This is a photograph. Portraits from Indian studios
from September 14, 2023 to January 15, 2024
Introduced by the British in 1840, photography became well established in India. Studios opened first in major cities such as Madras, Calcutta and Bombay, before being set up in smaller towns in the 1880s. Many offered retouching and colourisation services. Painted photography, which took a wide variety of forms and uses in India, continued throughout the 20th century, especially for memorial portraits designed to preserve the memory of loved ones.
Initially reserved for the Indian and British elite, portraits were adopted with great enthusiasm by princely families in the 19th century. Over the course of the 20th century, it became the most popular photographic genre in India, gradually becoming accessible to people from more modest backgrounds wishing to portray themselves and their loved ones.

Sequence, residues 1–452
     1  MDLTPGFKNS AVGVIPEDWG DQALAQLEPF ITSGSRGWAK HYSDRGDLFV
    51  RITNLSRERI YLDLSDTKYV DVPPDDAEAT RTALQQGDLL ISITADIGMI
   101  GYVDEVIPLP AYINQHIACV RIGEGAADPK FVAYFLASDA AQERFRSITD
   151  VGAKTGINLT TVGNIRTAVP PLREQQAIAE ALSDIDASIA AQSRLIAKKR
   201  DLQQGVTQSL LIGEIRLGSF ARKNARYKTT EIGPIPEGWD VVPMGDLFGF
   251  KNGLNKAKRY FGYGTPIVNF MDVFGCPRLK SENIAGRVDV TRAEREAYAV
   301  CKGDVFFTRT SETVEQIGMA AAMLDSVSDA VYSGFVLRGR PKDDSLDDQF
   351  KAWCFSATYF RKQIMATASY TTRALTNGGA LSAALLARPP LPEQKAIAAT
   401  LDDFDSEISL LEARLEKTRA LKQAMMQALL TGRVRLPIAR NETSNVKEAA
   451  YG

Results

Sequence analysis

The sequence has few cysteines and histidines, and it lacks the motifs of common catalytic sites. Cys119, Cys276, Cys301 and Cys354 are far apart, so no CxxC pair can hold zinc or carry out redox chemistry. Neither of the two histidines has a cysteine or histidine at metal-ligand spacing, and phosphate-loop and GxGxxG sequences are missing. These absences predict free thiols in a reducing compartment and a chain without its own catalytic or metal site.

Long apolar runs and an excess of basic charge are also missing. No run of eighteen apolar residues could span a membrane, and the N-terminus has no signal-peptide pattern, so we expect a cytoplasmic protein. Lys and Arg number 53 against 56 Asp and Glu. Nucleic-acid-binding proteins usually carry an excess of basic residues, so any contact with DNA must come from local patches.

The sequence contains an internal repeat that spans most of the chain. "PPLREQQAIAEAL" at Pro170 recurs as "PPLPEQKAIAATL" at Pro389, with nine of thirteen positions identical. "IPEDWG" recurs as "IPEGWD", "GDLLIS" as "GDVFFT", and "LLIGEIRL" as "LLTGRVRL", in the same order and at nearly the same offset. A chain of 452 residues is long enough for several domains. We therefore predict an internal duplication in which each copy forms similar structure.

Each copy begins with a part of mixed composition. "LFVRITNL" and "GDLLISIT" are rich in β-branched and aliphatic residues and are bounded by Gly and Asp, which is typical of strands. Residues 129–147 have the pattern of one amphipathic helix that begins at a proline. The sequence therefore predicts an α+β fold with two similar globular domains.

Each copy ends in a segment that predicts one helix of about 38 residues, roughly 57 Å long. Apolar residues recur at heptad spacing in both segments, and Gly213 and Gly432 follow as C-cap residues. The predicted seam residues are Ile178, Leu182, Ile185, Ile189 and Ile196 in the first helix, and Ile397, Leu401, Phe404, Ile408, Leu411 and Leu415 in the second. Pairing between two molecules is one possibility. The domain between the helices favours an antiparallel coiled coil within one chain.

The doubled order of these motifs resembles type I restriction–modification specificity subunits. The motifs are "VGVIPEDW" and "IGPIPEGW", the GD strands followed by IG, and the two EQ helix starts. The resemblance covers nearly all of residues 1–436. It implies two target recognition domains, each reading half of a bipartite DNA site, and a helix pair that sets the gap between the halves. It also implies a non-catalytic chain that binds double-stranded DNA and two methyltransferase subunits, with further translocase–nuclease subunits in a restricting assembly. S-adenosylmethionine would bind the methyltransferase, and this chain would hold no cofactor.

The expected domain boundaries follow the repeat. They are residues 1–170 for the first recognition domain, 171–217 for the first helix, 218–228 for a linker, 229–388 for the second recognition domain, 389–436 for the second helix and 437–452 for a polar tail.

As part of its focus on local and vernacular photographic practices, the musée du quai Branly – Jacques Chirac has acquired a number of portraits produced by Indian studios for local customers, including a major group of painted portraits from studios based in Tamil Nadu in southern India. Reflecting a wide variety of styles and budgets, these skilfully composed and constructed portraits are sometimes enhanced by bright and opaque colours, sometimes covered in shades of grey or brown.
Bearing witness to extensive local production, rarely seen in European museum collections, these portraits are also key elements in the social and cultural history of photography in this region.
- Curator : Annabelle Lacour, Head of Photographs Collections .